Pakistan through its 75 years of existence has numerous industrial and economic policies. However, although industrial policy changed directions, economic policy has mainly remained primarily dependent, till today, on international aid, loans and grants.
Pakistan’s initial industrial policy focused on large-scale manufacturing (LSM), thus resulting in industrialisation in the 60s decade. But LSM is not a massive job creator and LSM setups can only be set up in places where required infrastructure, manpower, and other complementary options are available. Therefore, this industrialisation and resultant job creation was limited to a few large cities such as Karachi, and Lahore. LSM thrived but it took a massive hit with the nationalisation policy in the 70s. Resultantly, LSM setups became more of bureaucratic dens and these profit-making entities regressed into debt incurring nightmares, and now even to run these setups, massive public money is spent on a recurrent basis.
Slowly, as the population increased and on inputs from international development agencies, the government realised that it needed to support indigenous small and medium enterprises (SMEs) to create jobs, increase revenue and support the economy. Further, from the past nationalisation experience, the government realised that it needed to liberalise the economy and allow private companies to enter the market.
Resultantly, the late 1980s saw the entrance of international auto manufacturers in Pakistan. Also, various government institutes were set up to promote SMEs. These government departments were to devise policies and serve the interests of SMEs, helping them to integrate into the large firms’ value chains.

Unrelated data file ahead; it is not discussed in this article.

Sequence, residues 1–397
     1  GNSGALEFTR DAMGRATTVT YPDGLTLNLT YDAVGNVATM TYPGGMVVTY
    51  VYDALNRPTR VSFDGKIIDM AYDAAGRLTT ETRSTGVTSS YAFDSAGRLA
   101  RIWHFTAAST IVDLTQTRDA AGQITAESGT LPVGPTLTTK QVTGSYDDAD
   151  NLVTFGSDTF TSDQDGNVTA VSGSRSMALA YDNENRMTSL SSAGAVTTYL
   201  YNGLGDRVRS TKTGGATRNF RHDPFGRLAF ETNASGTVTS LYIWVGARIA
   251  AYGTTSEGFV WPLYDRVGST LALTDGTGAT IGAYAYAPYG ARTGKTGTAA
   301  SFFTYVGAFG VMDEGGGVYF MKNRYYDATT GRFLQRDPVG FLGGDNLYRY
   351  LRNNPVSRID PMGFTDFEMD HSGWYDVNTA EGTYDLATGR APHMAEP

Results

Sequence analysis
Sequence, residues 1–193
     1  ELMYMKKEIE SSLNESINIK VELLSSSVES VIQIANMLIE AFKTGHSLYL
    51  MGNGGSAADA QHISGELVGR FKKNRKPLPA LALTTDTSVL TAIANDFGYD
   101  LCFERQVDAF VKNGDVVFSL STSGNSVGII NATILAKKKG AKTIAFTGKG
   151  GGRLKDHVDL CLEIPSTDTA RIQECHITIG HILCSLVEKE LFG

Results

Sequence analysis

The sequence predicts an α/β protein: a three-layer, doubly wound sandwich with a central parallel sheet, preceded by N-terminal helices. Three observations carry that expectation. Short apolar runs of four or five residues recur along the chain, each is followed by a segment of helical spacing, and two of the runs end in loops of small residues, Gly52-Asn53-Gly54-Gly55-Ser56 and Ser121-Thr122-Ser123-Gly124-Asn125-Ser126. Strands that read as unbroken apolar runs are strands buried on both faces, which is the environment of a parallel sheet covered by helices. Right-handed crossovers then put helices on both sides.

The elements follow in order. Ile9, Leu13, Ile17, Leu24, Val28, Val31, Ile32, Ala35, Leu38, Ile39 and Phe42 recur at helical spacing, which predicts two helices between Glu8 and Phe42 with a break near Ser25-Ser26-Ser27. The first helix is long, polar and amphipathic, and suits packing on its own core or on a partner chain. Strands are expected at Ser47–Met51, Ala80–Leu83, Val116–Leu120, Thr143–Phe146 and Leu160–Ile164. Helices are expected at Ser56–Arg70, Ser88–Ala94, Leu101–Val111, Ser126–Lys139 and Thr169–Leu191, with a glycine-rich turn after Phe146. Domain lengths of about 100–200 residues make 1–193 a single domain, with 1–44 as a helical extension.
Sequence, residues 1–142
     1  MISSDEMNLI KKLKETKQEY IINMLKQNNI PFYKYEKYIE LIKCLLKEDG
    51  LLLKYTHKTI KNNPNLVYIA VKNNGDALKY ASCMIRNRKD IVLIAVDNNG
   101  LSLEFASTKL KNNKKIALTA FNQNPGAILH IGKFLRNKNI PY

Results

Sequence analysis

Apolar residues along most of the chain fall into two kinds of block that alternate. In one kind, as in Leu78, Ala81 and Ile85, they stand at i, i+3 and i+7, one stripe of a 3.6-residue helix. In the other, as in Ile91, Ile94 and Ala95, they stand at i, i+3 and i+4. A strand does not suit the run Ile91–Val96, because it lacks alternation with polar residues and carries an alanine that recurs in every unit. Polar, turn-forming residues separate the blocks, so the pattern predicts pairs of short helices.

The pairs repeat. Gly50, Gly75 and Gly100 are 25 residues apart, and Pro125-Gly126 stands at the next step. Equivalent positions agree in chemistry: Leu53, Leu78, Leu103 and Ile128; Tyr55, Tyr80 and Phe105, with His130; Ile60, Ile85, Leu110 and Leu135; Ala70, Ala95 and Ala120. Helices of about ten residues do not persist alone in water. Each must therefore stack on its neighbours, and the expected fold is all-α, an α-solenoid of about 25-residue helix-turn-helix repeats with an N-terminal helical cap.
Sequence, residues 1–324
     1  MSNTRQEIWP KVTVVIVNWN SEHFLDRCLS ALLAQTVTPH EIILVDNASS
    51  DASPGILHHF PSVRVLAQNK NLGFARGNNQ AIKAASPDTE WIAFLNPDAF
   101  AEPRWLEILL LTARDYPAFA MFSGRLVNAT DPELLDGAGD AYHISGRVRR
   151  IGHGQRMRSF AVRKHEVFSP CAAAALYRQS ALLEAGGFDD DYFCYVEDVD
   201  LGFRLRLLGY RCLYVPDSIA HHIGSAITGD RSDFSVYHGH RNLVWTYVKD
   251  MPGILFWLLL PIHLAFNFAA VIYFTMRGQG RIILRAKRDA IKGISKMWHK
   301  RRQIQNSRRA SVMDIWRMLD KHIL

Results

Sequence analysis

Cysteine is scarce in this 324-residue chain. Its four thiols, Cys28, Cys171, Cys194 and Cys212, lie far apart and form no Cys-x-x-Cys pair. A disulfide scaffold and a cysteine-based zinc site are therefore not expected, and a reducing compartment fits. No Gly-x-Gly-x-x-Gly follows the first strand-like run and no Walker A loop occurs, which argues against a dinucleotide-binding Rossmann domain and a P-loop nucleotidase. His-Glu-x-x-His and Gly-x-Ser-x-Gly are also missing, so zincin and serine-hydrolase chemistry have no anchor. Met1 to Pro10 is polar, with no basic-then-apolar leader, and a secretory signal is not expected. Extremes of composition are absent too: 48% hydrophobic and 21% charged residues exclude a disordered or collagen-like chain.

However, the economy was still primarily running on international loans and grants, and our nationalised LSM continued to haemorrhage. The 2000 decade saw a massive explosion of media, internet and mobile service. New channels sprouted overnight, and considering the large population, international mobile operators jostled to enter the market. Also, consumer goods companies entered the market sensing a large consumer base.
Consumerism flourished when banks started giving loans on anything and everything, from microwave ovens to automobiles. This truly turned our economy into a consumer-based economy.
To aggravate the economic situation, most of the international firms entering the economy called themselves ‘manufacturers’, while barely assembling their products in the country. There were weak industrial policies and even weaker implementation and monitoring tools to monitor various industrial sectors to encourage them to localise their products and involve local SMEs in the production of their products. This resulted in a huge trade deficit with various countries from which these firms were importing their products.
Thus, successive governments started running huge deficits as imports massively outpaced exports.
This became only more obvious now when there are no more loans to support a consumptive-based economy, which imports a major share of its needs and leisures from abroad. In the latest instance of solar power generation policy, USD 1.2 billion of photovoltaic modules (PVMs) in the last fiscal year were imported, while it is predicted that USD 1.8 billion of PVMs would be imported in the current fiscal year, thus further straining the economy.
Presently, the government is cutting imports resulting in shutdowns of import-dependent industries (economy) in the country, resulting in job losses, layoffs and loss of revenue to the government.
To compensate for the lost revenue, the government is squeezing the already dying middle and lower middle classes by imposing more taxes, which is further shrinking the already squeezed economy.
The answer to reviving the economy does not rest in levying more taxes or soliciting more loans but shifting to a manufacturing-based economy, meaning more and more industrial sectors such as the auto sector, consumer goods, solar panels, and wind turbines industries need to be indigenised with greater participation of local SMEs.
Last but not least, emphasis on quality and productivity should be positively ensured through strict adherence to international quality standards, so that our industry is able to compete at international levels.
The writer is a freelance columnist